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Sep. 02 2013

With friends like these…

By Dyana Neal | Posted in Host Blogs | No Comments

Recently, two people about whom I care very much were “unfriended” by others on Facebook. (I also got the boot from one of them.) All of us were quite upset since we didn’t feel we’d done anything to deserve said deletions. In social media terms, unfriending someone on Facebook is a big deal, especially if you actually block them. Between friends, family, and professional contacts, I am connected to hundreds of people via  Facebook and have only unfriended a handful of individuals in the 5-plus years I’ve been using the service. The reasons have been varied – in one case, a fellow I did a show with years ago repeatedly made strident political responses to many of my posts (some of which hadn’t even started out as political discussions) and, when asked to stop, sent me one angry, all-caps PM too many. I’ve nixed a few others for personal nastiness – spreading  rumors, back-stabbing, etc. If I’m merely a little upset with someone, however, I’ll just hide some or all of their posts until I’m over it (or keep them hidden if I’m not, but might be someday.) I don’t like cutting people out of my life, even electronically, without good cause.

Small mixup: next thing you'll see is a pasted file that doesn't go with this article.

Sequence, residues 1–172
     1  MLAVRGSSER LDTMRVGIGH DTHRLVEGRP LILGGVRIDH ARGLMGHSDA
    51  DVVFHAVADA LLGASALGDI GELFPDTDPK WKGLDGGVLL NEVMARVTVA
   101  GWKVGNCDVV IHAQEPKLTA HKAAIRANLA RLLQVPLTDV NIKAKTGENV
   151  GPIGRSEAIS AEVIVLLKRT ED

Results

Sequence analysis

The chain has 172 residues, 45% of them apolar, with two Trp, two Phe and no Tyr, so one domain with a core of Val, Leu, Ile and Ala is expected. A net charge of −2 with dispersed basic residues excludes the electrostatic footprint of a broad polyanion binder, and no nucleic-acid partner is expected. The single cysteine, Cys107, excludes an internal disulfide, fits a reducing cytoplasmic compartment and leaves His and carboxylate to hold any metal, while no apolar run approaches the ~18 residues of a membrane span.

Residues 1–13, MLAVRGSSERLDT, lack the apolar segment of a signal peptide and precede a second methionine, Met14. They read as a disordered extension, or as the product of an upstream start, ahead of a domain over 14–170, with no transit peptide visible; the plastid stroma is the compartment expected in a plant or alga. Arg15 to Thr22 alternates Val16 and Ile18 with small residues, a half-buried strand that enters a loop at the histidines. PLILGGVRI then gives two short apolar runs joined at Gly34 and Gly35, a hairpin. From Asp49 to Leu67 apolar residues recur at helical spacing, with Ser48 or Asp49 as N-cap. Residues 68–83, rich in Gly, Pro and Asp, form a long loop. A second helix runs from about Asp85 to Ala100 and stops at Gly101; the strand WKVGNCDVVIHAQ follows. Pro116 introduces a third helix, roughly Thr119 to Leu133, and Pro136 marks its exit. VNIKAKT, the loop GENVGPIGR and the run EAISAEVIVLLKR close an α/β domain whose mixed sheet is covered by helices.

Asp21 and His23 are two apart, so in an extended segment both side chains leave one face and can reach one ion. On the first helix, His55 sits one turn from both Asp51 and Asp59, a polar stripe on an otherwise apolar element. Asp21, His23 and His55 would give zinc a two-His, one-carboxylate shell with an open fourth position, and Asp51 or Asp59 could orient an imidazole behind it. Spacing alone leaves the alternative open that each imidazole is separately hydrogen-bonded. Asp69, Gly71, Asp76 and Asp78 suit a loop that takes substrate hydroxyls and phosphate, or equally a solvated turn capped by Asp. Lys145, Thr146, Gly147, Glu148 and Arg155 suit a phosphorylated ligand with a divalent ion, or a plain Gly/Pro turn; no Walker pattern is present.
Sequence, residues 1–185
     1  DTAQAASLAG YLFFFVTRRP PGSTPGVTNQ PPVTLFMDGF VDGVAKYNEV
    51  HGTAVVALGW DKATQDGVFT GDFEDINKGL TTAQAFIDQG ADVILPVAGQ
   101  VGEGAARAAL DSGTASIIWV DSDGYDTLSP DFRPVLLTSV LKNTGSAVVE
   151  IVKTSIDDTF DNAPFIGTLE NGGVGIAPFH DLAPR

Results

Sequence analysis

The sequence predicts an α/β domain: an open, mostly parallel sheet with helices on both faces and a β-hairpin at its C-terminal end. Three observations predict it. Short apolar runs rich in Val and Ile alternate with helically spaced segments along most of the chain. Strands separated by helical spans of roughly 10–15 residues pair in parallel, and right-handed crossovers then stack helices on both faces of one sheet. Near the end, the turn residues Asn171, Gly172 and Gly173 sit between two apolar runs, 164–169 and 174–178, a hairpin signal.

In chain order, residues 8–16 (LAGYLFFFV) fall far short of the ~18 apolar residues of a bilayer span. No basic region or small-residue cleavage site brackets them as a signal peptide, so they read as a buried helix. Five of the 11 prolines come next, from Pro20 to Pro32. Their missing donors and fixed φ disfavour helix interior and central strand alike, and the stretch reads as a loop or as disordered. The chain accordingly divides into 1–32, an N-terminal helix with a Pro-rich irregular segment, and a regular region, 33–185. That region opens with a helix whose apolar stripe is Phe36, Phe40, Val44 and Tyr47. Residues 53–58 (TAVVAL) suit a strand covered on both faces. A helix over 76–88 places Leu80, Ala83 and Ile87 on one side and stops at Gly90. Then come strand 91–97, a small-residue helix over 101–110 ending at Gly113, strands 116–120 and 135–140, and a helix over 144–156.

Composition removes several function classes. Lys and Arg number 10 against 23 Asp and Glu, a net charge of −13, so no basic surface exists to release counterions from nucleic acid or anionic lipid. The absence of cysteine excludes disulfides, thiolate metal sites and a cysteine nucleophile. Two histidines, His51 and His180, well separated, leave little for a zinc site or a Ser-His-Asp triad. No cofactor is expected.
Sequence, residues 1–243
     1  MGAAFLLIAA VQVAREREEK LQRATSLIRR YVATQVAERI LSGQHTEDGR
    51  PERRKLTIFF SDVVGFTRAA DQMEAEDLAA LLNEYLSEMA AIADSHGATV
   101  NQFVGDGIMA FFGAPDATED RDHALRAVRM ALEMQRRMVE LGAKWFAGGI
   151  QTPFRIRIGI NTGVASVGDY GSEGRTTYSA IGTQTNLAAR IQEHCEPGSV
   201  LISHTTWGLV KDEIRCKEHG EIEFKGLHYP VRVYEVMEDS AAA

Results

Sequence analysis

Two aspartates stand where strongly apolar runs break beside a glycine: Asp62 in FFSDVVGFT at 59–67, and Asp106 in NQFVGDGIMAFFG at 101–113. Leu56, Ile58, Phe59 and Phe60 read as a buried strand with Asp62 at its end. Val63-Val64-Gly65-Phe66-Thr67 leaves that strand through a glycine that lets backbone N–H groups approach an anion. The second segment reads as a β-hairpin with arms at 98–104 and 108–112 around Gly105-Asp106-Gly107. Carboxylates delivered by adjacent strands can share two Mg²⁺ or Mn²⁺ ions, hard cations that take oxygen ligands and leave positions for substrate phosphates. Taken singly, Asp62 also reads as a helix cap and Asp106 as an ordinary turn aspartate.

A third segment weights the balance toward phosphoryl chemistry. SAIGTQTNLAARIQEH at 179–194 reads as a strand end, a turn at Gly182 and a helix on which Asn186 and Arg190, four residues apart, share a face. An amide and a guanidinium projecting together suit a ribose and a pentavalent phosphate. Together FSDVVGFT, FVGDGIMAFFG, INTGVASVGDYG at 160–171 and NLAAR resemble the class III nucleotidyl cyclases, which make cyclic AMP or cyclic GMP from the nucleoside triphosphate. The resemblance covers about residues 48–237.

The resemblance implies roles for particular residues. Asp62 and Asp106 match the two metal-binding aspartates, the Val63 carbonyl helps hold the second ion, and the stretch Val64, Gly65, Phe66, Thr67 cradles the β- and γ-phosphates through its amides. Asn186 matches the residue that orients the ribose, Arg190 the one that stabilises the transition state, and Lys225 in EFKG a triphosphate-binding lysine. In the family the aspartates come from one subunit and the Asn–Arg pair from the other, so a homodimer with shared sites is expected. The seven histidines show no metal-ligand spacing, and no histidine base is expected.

As such, I don’t understand the periodic “purges” or “cleanups” of Facebook friend lists that some feel are necessary. Folks who are inclined to do these often post about them in advance – “I’m cleaning up my friends list this weekend; some of you will still be on it, some won’t!” “If I haven’t talked to you in over a year, I’m deleting you, but no offense!” Those puzzle me to no end. Should I be horribly upset if I check my friends list on Monday morning and find that your name is no longer on it, even if we’ve never exchanged heated words? If we’re still connected, am I supposed to feel extra-cool? Do you do this offline – say, call relatives you don’t see frequently and tell them you don’t consider them kin any more? If so, wow, I’d hate to be the person who actually does something annoying or hurtful to you.

Perhaps some of these mass unfriendings come after people read articles about how one should use social media. Yes, such things exist, some based on research by psychiatrists and social scientists, others merely concocted by random bloggers. According to these experts, it’s just not okay to have too many Facebook friends, and they – not you – get to decide the appropriate number. My response to that: I’m not in the habit of letting complete strangers make decisions for me, and if someone I know, however tangentially, is willing to delete me based on a third party’s blog post, good riddance. As the old Joan Jett song goes, “Ya got nothin’ to lose, ya don’t lose when ya lose fake friends.”

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Dyana Neal

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Dyana is WBJC's midday host. Her full bio can be read here.

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